An Immense Act of Charity
Mr. Buffett had insisted that he would wait until his death to make a sizable charitable bequest, but he told Fortune that the death of his wife, Susan, in 2004, his admiration for the Gateses and his certainty about how to dispose of his wealth had caused him to "get going" now...As I wrote in a recent column for the Tribune & Georgian,
Fred P. Hochberg, dean of the Milano School for Management and Urban Policy at the New School, which has a large nonprofit-management department, said Mr. Buffett's historic contribution to the Gates Foundation was in character. "It's egoless," he said. "Warren's name is not on the door."
Jesus taught that, “Not even when one has an abundance does his life consist of his possessions” (Luke 12:15).It is Buffet's trust in his relationship with Gates that opens up this unprecendented deal.
Jesus offers a way out, a way to have peace whether you have a lot or a little. Jesus answer is to realize that your life is not made up of the abundance of possessions.
Get the stuff you need. Take care of yourself and your family. But don’t bet your happiness or theirs on accumulating just the right stuff. Even if you get that whole living room you want from The Pottery or the bedroom set that would put the Dream House to shame, it will not bring you happiness. Stuff is just stuff.
Right now, as at the end of your days, what matters more than stuffs is relationships. Making peace with yourself. Working on relationships with family and friends. And yes, most importantly, making room for your relationship with God. These are investments of your time, energy and money that pay off.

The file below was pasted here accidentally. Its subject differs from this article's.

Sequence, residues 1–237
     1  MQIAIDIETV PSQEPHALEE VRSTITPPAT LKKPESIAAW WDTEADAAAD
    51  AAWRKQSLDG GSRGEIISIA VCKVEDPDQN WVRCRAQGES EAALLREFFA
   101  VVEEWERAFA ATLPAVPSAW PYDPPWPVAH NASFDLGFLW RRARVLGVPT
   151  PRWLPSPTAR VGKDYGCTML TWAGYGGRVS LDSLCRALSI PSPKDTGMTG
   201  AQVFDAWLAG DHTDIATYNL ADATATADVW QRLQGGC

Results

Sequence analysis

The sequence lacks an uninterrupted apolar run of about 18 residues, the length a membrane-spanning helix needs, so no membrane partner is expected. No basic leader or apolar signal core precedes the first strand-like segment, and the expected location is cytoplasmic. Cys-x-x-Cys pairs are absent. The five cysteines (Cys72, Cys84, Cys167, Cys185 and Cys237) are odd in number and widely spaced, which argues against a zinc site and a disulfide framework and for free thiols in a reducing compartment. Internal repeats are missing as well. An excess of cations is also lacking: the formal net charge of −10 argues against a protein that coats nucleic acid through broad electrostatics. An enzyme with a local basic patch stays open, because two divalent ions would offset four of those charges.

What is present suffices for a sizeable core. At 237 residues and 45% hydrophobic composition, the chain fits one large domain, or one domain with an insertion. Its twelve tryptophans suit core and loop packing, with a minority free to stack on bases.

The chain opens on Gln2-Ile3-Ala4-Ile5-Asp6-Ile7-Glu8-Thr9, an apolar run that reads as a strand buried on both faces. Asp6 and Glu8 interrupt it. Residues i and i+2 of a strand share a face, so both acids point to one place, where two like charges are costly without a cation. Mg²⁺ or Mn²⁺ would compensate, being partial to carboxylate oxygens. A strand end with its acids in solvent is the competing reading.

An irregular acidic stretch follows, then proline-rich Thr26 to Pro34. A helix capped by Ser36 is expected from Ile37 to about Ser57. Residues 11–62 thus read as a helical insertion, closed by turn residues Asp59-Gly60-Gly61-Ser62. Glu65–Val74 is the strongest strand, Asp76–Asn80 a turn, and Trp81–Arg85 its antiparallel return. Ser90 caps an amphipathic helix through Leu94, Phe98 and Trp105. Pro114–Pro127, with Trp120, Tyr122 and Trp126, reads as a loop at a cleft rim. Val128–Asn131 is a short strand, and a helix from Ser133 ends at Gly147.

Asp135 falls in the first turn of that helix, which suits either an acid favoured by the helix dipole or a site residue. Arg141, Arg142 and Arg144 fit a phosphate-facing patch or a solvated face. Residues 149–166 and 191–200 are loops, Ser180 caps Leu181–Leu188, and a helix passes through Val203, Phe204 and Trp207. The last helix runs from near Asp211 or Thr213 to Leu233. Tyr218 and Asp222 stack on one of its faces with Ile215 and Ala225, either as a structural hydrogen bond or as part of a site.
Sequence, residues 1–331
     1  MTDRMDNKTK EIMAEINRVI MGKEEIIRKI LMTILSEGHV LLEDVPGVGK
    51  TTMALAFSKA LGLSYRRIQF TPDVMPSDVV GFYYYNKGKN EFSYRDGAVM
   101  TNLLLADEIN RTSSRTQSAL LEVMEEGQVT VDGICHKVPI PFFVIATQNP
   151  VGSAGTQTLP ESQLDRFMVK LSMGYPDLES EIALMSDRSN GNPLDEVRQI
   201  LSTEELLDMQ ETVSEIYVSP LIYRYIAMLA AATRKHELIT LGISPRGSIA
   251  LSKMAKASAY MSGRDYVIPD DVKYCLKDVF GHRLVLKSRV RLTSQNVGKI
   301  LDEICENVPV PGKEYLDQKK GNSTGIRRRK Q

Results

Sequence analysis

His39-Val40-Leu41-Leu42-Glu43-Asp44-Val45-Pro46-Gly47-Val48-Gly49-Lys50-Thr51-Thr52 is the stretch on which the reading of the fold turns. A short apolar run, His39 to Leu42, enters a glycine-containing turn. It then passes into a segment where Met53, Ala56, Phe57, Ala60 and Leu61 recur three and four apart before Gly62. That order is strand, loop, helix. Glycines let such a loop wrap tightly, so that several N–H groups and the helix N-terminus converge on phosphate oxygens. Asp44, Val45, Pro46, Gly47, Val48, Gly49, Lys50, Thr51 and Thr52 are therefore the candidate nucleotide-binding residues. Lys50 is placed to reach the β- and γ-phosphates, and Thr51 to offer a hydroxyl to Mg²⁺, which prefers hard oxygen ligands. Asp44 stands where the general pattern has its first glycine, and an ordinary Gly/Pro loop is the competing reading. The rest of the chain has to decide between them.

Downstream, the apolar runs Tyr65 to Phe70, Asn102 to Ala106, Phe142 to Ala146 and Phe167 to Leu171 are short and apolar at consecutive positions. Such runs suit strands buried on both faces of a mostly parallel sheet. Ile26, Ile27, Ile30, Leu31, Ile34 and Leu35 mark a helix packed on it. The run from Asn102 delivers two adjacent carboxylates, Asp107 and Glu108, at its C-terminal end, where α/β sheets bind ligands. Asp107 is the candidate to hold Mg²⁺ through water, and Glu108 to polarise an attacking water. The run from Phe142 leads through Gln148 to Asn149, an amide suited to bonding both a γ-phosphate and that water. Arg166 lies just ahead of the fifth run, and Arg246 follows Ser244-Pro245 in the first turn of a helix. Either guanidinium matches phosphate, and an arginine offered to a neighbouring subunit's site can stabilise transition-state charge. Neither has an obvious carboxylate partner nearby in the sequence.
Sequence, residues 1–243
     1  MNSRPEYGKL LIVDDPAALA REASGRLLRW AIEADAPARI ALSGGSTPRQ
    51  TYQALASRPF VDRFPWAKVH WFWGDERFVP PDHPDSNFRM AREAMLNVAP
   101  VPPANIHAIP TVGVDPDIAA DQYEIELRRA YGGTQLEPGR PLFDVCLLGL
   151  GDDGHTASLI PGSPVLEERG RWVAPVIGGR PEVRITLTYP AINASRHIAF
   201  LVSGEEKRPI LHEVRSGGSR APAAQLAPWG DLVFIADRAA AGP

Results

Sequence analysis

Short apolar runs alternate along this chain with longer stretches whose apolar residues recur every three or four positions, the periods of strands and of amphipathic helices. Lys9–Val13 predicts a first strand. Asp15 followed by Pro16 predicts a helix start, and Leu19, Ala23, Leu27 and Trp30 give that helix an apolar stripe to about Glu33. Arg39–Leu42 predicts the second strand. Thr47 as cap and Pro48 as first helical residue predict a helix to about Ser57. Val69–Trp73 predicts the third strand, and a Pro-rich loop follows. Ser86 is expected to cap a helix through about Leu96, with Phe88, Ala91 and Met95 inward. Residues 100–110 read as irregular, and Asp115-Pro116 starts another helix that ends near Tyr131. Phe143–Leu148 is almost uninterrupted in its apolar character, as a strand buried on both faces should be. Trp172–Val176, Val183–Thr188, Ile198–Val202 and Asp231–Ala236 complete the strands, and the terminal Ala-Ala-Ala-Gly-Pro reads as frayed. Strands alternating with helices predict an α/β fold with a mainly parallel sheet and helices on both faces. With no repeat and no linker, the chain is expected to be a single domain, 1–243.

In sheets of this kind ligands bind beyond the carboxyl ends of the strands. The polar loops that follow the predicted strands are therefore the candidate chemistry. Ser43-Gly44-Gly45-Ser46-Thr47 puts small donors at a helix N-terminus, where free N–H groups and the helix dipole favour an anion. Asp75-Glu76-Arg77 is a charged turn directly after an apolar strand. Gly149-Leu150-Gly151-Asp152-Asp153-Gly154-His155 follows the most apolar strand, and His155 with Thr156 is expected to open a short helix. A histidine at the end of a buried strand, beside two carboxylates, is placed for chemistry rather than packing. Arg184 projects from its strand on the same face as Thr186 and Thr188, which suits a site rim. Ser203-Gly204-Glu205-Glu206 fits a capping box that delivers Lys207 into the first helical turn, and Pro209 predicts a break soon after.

Work on these relationships rather than amassing possessions. These relationships with family, friends and God will pay off whether your life becomes a financial success or not. For life consists of much more than the abundance of possessions.
This is, by the way, an areligious story. The Gates Foundation does not work with religious groups or causes. However, it certainly has a track record of looking out for the poor and the outcast, which as I recall were pretty high on Jesus' To Do List for each of us.
The Rev. Frank Logue, Pastor + King of Peace Episcopal Church
PS: In the archives is a religion column on our largest philanthropist locally, Warren Bailey and how well St. Mary United Methodist Church handled his multi-million dollar bequest: Church's generosity is inspiring.